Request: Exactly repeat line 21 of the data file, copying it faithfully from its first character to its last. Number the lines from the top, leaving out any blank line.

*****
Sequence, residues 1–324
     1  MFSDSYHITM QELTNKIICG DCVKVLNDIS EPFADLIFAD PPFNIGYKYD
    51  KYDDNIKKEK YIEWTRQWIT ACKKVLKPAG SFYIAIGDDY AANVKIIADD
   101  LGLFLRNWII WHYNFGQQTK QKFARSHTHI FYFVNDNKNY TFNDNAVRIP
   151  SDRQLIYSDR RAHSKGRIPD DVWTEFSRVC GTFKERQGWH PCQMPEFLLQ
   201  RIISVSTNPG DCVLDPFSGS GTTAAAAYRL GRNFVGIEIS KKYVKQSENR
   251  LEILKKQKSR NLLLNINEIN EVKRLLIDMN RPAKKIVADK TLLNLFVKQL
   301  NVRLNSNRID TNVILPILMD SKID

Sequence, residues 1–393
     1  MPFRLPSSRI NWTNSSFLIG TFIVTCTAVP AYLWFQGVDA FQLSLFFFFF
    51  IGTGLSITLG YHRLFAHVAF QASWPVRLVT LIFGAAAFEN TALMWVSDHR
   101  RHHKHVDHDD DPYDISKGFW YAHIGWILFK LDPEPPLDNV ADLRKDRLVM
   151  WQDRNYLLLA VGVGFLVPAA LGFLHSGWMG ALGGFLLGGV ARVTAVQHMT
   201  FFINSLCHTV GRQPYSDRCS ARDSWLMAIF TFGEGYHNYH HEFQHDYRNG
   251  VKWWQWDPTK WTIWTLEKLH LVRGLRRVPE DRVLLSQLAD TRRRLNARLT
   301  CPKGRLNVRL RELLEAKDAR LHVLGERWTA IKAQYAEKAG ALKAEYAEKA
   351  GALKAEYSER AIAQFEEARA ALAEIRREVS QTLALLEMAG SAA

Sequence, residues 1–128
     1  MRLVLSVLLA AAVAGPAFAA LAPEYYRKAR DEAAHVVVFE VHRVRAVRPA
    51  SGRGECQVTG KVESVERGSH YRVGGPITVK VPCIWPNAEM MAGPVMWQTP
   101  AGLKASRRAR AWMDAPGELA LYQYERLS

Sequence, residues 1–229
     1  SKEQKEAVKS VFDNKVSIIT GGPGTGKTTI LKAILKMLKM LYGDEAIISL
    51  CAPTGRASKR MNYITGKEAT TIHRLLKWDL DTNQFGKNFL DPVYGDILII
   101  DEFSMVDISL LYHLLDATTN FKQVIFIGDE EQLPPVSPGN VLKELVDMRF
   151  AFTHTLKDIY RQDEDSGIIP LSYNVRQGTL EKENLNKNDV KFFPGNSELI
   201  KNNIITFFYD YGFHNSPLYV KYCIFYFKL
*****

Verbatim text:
   101  AGLKASRRAR AWMDAPGELA LYQYERLS